That being said, Wright’s slightly didactic prose and aggressive thesaurus use isn’t to our taste, nor is the way he seems to delight in the sexual degradation of one of the characters. This won’t be at the top of our ballot, but we can understand why some fans chose to nominate it.

(19) SPINE OUT OF ALIGNMENT. I wonder how often this happens? The collaboration by Larry Correia and John Ringo titled Monster Hunter Memoirs: Grunge came out this month, unfortunately, on the spine it read: “Larry Correia – Monster Hunter Nemesis.” B&N College HQ distributed a warning: “Simon & Schuster has issued a “return in place” for the following book due to a production error – the spine has a different title listed than the front cover of the book. Ooops! Please destroy all inventory as soon as possible.”

Correia also blogged about it: “Monster Hunter Grunge came out while I was away. Apparently the cover and interior are fine, but they had the spine of Monster Hunter Nemesis. Publishing screw ups happen, so this print run is being destroyed and replaced.”

(20) CORREIA RECUSAL. The same post also reminded people to vote for the Dragon Awards, with this request:

So please, participate, go an nominate whatever you think was awesome. Except don’t nominate me for anything. I won one last year, so I’m recusing myself from now on. Share the love!

(21) GRACE HOPPER COLLEGE GETS SUITABLE ARMS. Following up the Scroll item some months ago about one of Yale’s colleges replacing John C. Calhoun’s name with a modern one: “Grace Hopper coat of arms”.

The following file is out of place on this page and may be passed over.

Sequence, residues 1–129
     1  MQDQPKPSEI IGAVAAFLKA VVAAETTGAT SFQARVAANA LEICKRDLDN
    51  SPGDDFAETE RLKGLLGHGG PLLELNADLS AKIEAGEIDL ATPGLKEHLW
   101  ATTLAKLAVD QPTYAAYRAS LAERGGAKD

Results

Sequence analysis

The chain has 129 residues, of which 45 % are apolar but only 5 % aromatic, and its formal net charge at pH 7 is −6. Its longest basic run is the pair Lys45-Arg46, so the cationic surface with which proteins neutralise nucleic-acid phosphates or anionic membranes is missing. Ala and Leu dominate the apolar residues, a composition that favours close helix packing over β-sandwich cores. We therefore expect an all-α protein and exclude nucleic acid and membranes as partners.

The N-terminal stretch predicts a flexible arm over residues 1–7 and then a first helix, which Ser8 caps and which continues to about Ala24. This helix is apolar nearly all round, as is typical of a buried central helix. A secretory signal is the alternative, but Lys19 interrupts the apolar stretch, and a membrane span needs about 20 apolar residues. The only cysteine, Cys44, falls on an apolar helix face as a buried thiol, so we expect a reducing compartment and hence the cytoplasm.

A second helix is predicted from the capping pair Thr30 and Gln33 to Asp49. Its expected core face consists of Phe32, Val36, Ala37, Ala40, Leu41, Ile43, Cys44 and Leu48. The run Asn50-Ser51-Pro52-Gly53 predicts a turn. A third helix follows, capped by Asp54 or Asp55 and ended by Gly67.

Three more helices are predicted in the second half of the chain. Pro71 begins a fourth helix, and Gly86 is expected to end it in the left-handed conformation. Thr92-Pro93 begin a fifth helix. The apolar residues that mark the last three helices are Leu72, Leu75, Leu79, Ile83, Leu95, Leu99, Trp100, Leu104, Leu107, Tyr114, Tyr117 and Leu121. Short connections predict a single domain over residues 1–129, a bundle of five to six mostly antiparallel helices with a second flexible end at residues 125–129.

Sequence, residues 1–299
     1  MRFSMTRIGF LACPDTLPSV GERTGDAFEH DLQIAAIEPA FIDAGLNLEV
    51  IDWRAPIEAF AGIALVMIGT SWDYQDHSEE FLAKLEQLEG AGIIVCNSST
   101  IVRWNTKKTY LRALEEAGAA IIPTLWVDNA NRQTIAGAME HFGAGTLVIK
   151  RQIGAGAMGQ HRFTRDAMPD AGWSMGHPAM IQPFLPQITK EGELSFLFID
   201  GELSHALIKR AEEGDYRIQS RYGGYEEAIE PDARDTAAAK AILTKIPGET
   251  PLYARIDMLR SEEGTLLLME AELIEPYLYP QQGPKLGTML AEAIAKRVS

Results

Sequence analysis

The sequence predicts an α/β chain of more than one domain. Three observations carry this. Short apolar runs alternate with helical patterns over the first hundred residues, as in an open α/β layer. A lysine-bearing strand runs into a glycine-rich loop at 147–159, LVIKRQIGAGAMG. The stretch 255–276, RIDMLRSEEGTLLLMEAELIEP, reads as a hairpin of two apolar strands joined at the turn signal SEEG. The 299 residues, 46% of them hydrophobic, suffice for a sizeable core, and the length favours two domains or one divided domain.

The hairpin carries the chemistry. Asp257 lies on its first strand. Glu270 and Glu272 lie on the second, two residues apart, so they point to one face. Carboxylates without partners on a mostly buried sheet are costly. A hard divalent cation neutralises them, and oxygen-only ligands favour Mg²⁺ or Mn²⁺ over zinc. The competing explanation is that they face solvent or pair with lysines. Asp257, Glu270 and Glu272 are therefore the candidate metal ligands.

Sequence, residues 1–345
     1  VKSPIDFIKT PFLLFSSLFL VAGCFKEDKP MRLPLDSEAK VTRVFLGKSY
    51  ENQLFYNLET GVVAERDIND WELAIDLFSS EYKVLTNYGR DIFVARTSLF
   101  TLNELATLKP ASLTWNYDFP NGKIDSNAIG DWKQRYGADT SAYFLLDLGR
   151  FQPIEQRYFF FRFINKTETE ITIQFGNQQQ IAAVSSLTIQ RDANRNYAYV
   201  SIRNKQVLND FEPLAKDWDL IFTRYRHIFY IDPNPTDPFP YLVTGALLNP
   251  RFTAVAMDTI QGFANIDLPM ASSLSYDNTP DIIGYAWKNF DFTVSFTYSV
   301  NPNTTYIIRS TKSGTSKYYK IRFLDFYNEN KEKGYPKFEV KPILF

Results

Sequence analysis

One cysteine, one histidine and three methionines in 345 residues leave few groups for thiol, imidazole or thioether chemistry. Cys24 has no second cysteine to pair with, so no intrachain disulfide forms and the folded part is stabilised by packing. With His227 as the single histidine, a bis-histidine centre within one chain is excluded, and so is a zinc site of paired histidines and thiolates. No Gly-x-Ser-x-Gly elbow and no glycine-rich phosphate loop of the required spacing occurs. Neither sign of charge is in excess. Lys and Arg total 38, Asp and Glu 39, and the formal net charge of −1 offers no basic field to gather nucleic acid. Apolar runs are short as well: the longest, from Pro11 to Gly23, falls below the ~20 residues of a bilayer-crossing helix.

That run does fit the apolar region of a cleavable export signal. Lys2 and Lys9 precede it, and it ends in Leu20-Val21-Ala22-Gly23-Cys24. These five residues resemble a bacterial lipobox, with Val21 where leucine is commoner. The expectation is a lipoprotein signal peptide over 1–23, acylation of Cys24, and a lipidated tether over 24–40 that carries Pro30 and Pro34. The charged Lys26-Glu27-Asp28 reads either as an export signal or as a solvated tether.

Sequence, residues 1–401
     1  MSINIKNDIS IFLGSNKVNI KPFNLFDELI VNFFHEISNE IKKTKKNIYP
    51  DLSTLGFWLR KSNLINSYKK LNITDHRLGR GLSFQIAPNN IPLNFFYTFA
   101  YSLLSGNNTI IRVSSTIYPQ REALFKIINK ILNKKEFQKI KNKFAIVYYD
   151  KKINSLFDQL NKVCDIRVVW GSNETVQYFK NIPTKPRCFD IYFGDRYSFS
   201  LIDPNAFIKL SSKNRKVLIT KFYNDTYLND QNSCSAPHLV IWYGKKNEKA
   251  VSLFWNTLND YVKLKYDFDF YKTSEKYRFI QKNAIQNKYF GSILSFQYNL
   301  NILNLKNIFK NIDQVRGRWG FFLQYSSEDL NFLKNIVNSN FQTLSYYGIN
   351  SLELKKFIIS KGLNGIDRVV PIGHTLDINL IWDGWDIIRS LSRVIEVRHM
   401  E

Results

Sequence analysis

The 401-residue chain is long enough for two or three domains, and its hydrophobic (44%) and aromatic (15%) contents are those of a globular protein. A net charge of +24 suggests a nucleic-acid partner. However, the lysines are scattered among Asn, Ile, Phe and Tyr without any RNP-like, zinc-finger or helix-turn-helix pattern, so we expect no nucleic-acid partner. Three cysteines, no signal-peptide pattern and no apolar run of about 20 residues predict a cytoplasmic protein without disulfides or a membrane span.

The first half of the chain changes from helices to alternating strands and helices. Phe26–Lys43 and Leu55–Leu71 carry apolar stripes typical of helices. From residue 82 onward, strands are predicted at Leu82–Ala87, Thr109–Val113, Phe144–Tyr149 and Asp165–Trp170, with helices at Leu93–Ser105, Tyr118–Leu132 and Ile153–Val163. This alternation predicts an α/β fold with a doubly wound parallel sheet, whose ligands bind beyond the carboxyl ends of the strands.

The Grace Hopper College coat of arms became official on July 1, 2017.

Grace Murray Hopper’s accomplishments and qualities of character offer rich opportunities for visualization, and for representing the College’s transformation. The blue of the shield reflects the colors of Yale and of the U.S. Navy, where Hopper rose to the rank of Rear Admiral. The dolphin – thought of in the early days of heraldry as the ‘sovereign’ and ‘guiding light of the sea’ – represents Hopper’s exemplary personal and professional record of leadership. The ‘semé’ of white circles and vertical rectangles – evoking zeros and ones in this case – recognizes her contributions to mathematics and computer science. The scalloped bar at the top of the design gestures at waves or horizon, and links the College’s visual history to the patterns and colors of a new time.

(22) STORMS AHEAD. BBC News has been highlighting the images the Juno probe has been taking of Jupiter. The images of the polar regions showing a multitude of storms, each larger than Earth, all pressed up against each other are spectacular.